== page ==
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Discussion Starter #1
Guys, my fuel pump is well and truly blown and I'd like to put in a new one. Before everyone suggests I should cut a hole in the back seat, I at least want to fully explore the idea of dropping the tank. First question is about getting the back of the car into the air. The car is a 00 convertible and sadly quite rusty below having lived in England and its salty roads.

Aside from the normal jacking points, where can I lift the car? I've seen videos on YouTube of people changing out their tanks but they've placed the jack stands on the rear axle and I seriously don't like that idea. There is a small uneven area at the axle bolts, but I'm not sure how suitable it is. I normally use ramps, but obviously can't now. The other concern is having enough room to swing the tank out passed any jack at the jacking point.

Fuel tank is at least 2/3s full, which is another issue. The condition of the filler pipe (and is it an overflow pipe?) is not great, looks perished, and the jubilee clips rusted. Indeed the tank strap bolts don't look amazing, same for the fuel filter's banjo bolts.

Frankly I don't want to touch any of it, but if I could get the car safely into the air I would feel an awful lot better. I really don't want to cut a hole in the floor (I know all the benefits but I'm a pedantic git), but equally I don't want to get under a car or touch a fuel tank without being safe.

Many thanks.
 

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well if you have ramps that's more of an easy way to get it high enough so you can drop it with ease. Given that you said it could be quite rusty underneath be prepared for lots of breakage. The bonus to enlarging the whole which is already under the rear seat is you don't need to drain the tank ,you can do it in the rain. no rust problems, the list goes on. when your done you can cover it with ice and water shield like they use to seal roofs",grace" makes a good one sticky on one side and smooth on the other. and sticks like hell. all in it's about 30-40 min swap.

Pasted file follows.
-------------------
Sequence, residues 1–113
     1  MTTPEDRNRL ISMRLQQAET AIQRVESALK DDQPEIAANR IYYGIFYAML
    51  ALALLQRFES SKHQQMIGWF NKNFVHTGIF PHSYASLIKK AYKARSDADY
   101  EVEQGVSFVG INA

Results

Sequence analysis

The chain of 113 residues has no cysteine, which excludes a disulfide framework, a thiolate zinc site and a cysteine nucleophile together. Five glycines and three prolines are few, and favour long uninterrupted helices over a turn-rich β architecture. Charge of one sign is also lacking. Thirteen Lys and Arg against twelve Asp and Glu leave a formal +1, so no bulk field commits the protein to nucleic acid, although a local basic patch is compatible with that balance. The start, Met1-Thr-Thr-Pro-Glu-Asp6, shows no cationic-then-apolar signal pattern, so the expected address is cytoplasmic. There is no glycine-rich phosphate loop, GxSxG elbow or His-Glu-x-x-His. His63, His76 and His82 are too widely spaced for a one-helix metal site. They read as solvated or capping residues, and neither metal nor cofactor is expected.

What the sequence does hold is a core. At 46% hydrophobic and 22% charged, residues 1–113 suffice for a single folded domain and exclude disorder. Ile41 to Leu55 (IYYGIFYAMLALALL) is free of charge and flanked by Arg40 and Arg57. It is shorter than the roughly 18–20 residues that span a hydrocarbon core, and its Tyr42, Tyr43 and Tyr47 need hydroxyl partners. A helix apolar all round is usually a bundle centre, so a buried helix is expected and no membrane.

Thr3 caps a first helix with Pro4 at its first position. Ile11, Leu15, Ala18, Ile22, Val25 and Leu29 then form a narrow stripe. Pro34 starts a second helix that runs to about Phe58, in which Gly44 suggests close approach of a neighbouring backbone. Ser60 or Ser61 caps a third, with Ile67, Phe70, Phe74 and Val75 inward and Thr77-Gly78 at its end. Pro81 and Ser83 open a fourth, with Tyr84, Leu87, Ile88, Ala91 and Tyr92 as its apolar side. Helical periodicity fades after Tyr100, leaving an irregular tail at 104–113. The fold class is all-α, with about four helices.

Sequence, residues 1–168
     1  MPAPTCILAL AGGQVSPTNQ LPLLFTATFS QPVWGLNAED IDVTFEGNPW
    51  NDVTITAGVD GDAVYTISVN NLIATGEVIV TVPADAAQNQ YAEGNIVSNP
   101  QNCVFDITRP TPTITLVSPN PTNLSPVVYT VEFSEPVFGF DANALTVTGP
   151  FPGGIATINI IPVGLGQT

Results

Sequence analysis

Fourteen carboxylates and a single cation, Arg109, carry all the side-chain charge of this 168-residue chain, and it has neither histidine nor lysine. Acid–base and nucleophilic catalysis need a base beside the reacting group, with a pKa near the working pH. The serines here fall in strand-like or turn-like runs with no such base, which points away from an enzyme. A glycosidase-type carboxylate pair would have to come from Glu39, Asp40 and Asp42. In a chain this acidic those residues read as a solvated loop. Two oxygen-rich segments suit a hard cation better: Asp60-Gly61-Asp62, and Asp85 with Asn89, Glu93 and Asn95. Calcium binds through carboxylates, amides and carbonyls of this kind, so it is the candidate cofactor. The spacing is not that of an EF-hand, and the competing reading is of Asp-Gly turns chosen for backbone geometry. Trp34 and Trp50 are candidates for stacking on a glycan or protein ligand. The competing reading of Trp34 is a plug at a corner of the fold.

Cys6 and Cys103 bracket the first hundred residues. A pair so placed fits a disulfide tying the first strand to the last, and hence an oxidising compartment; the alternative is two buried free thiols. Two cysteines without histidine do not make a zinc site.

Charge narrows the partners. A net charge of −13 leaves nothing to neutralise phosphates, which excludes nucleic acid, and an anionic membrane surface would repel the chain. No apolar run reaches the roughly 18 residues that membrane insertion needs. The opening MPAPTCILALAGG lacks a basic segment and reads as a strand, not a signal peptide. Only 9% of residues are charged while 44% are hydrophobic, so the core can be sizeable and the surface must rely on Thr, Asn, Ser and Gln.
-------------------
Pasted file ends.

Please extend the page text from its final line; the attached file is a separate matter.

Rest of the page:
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I also never planned to cut to access the pump. However, when my pump died yesterday, I decided it just wasn't worth dealing with tank removal. That is not fun. The fuel lines can also be very delicate and easy to damage. Plenty of problems could arise from removing the tank, so I'll be cutting.

Having spent a fair bit of time working under vehicles, I feel that it's not worth it unless absolutely unavoidable. Why risk personal injury if you don't have to.

And the ice & water barrier sounds like an excellent sealing solution, but it could be hard to acquire a small piece, as it's sold in large, expensive rolls. I'm pondering a cover fashioned from a piece of aluminum sheet. Then secure it with short self drilling screws (with the tips then filed down). Waterproofed with a bead of silicone.
 

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Discussion Starter #4